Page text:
Salvation Army officers will set up a safe space in the Sydney CBD to offer support to intoxicated revellers this summer.

Night angels will patrol Sydney’s busiest thoroughfare this summer to offer support to vulnerable, intoxicated revellers.

As part of the crackdown on drug and alcohol-fuelled violence, Salvation Army workers will team up with police on Friday and Saturday nights on the CBD’s George Street to keep an eye out for young people at risk.

A designated “safe space” with a customised mobile van will be set up at Sydney Town Hall, where trained offices can deliver basic first aid, water and phone and internet access.

It is similar to initiatives set up in Melbourne and Schoolies locations, and has long been advocated by the Thomas Kelly Youth Foundation, named after the victim of an unprovoked one-punch attack in 2012.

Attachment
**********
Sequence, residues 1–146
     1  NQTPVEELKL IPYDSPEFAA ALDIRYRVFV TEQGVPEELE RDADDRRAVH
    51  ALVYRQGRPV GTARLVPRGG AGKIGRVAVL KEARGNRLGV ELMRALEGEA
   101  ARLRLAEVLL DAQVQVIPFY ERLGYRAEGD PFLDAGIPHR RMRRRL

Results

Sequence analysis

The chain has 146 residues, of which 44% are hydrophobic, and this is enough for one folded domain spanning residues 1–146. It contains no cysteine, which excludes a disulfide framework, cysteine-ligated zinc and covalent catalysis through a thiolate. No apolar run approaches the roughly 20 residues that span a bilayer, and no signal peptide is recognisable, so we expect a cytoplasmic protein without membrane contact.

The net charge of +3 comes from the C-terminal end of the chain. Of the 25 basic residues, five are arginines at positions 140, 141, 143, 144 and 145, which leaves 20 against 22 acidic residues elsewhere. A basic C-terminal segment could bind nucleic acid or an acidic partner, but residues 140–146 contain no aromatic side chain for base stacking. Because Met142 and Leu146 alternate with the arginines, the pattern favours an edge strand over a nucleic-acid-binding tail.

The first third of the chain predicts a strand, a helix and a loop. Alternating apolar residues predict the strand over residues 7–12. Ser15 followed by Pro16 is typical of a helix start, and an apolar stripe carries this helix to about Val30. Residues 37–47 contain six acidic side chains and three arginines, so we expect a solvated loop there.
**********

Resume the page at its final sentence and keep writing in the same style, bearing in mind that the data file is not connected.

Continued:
NSW Attorney General Brad Hazzard said the government had committed $30,000 to the trial.

“I like to think that this is the work of Thomas Kelly,” said Mr Hazzard. “We can almost have a sense that he’s holding these young people’s hands as we do what we’re going to do over the next few months.”

Sydney Lord Mayor Clover Moore cited the success of similar programs in Victoria and Queensland.

“This is going to be a real addition to creating a much safer environment in the city for young people and for giving parents the confidence to know that their children will come home,” she said.

Salvation Army mission leader Mitchell Evans said the welfare officers would be able to offer services police couldn’t.

“It’s about sitting with the person for a while, letting them sober up, organising a taxi or letting them get their bearings and find their friends,” he said.

It is hoped that a satellite unit will be rolled out to the Kings Cross nightclub hotspot later in the trial.

The initiative complements anti-violence laws and regulations brought in following community outrage over one-punch assaults.